!Code Red!

Ralph Nader‘s famous 1965 book Unsafe At Any Speed described the dangers of the car and changed motoring safety for the better but half a century on, two wheels must still be wary of four wheels.

This Monday I cycled myself for 40 miles (testing a new campag chain but the finicky technology is for another blog). On tight narrow roads, I would pull in to let oncoming cars pass. Coming down into Crocketford, a driver did the same for me. We waved at each other in acknowledgement. On Tuesday five of us cycled over to the Glenkens. Descending down towards Carsphairn a lorry driver nearly wiped us all out on a tight bend with a look of utter indifference on his face.

And this is the daily dilemna for cyclists; is it going to be understanding and patience or complete contempt from motorists?

Here are some of my personal driving nightmares for cyclists.

  • the motorist on their mobile (funnily enough this is most popular both with country toffs in Land Cruisers and their distant cousins, the shell suited Vauxhall Nova chav/chavettes)
  • the oncoming motorist who makes no attempt to check their speed on country roads (occasionally some of them speed up when they see you – perhaps they think they’re playing Call of Duty)
  • the car which passes you with mere millimetres to spare – if their passenger window was down you could probably lean over and change the CD.
  • the horn blaring, window down, mouthful of abuse, car driver (although to be fair the verbals are usually delivered by his pot bellied passenger chomping on a burger)
  • the driver who manages to combine all of the above.

During the summer months these drivers are usually dotted everywhere but for cyclists in the south-west of Scotland they mainly seem to concentrate themselves on the coast road where their patience is lowest and horn blowing highest by the end of July. (there should be a Springwatchprogramme about them)

‘mum I’ll be home for tea soon’

The advice from the police is to ride two abreast when in a group. For groups of riders this is  sensible. Drivers sometimes shout for single file yet this can increase a line of cyclists making passing more difficult. However cyclists are very good in my experience at letting cars get by them as they don’t like cars sitting behind them for long periods of time.

As I’ve said in a previous blog, we are certainly not blameless when it comes to road use. Yet it’s true to say that cyclists are very sensitive when it comes to road safety. This can be seen in the constant passing up and down the line of info about road conditions and traffic etc. Also our club has an etiquette section which is observed more than breached. Despite this several of our club members have been hit by cars and all they were doing was riding their bikes on a public road..

This is not meant to be a po-faced blog suggesting all motorists are the anti-christ. In fact some of the heat between two wheels and four wheels can be pretty entertaining with hindsight.

a car free zone – the Beef Tub

I remember we were coming back from Samye Ling and some boys spotted a tractor up ahead. They started tail-gating and looked quite pleased with themselves until the farmer realised what they were doing. He gave them quite a row. Not swearing – more like a chiding for school children. The boys re-joined us as if they were going to be grounded that night.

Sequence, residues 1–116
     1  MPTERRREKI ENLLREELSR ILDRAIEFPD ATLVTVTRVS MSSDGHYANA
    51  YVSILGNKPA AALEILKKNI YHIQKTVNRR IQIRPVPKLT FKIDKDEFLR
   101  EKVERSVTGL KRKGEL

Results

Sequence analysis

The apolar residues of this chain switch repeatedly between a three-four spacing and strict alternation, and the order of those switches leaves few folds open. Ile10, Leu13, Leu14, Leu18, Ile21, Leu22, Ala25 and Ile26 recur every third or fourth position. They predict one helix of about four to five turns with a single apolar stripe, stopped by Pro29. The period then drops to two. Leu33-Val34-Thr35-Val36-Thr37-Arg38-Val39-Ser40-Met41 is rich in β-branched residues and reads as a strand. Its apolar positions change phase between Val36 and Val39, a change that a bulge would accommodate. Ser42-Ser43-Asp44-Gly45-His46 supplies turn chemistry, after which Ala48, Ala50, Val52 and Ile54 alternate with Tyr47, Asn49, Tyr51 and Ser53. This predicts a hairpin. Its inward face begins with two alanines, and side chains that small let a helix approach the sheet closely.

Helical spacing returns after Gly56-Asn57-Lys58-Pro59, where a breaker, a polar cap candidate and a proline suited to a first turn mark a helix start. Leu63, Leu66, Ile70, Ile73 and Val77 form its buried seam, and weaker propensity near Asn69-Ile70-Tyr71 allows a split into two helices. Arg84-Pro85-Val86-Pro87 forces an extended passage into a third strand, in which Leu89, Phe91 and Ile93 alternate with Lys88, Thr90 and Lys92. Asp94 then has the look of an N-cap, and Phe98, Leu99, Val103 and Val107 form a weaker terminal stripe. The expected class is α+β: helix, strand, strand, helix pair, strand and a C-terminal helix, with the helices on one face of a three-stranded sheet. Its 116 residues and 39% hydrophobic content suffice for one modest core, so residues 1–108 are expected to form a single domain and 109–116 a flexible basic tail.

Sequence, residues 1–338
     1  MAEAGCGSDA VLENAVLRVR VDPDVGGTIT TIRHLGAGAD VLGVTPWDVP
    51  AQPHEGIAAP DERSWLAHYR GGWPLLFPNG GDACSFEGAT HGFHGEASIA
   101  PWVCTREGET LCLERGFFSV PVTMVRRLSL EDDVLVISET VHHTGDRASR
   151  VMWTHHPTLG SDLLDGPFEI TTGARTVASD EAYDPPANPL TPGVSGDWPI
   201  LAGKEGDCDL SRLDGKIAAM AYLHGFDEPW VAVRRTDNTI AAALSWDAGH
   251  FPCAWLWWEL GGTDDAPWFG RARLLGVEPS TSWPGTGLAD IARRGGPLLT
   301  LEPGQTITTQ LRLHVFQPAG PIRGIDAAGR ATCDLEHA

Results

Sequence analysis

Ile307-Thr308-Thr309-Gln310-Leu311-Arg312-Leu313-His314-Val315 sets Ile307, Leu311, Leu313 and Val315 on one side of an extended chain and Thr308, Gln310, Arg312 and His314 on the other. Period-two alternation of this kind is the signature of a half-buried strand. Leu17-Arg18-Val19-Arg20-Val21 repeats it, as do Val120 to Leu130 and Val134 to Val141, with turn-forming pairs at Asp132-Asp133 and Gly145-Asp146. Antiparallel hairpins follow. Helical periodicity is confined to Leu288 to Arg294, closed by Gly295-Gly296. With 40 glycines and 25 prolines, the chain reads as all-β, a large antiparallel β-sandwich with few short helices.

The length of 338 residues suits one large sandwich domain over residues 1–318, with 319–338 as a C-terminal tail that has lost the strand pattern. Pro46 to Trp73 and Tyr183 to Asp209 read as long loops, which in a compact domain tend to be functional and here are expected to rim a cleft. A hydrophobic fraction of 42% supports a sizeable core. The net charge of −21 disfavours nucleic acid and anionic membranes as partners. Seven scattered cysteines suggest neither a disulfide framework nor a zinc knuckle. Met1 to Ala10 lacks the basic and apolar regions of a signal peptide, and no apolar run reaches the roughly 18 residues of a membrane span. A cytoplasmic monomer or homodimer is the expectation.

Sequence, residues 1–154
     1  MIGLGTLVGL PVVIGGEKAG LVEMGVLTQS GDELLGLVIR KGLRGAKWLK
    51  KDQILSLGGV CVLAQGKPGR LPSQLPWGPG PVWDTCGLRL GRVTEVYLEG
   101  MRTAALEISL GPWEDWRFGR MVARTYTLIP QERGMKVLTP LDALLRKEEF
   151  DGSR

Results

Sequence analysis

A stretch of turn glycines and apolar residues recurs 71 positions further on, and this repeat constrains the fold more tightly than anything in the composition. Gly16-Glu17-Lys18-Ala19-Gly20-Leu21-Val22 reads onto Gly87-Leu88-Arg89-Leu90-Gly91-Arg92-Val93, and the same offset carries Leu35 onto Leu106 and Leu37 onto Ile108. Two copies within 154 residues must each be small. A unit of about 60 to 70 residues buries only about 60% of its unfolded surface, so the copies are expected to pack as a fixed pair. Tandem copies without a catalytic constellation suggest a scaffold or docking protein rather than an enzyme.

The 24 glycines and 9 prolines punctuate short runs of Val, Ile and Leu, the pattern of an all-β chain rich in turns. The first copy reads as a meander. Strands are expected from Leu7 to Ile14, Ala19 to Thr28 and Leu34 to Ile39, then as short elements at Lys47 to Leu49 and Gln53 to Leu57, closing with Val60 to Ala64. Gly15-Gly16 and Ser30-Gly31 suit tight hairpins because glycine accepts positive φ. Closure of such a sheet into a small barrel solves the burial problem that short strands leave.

On another occasion two of us were returning into town when we were loudly harassed by a very irate female driver, peeping her horn etc. We started to laugh when she passed us when we spotted the license plate, the first three letters of which read PMT.

It still brings a smile to my face when I remember three of us descending Dunscore hill and a young chav of the type mentioned above, cut us up. My fellow cyclist shouted at the car

‘Hey come back here…I want to speak to you.’ 

He then cycled after the car. Some guys in our club can hit 60ks plus, descending Dunscore hill but that would’ve been quite something had he caught the car, as would the possibility of the Nova driver having highly sensitive hearing skills.

Cyclists have developed three universal signals for silly driving.

  1. The Ironic Wave (combined with an ironic grin) – for getting peeped at or some form of incoherent verbals.
  2. The quickly raised right arm with palm upward (reminiscent of Italian gesturing) – ‘did you seriously have to pass us that closely?’
  3. The slow yoyo hand movement – SLOW DOWN!

These lighter moments are infrequent. As has been said before, when there’s a dispute between a car and a bike, regardless of right or wrong, it’s the cyclist who will suffer.

In my experience the relationship between driver and cyclist has remained almost like an uneasy truce. I do feel that there is a sometimes a lack of understanding on the part of the motorist. With a little more patience, you will be able to pass us safely. Similarly it doesn’t take much to touch the brakes when you see a group of cyclists coming towards you on a narrow road. And if you’re going to shout at us keep in mind that we’re quite often riding in a deafening headwind!

At the moment there is only one Highway Code which should cover all aspects of road use. Perhaps we should add a new Code specifically for drivers and cyclists or an entente cordiale. With the drive by successive governments to encourage more people from their cars onto bikes, it’s time for constructive dialogue.

Who knows if things don’t improve, we might even see a Critical Mass event in South West Scotland.

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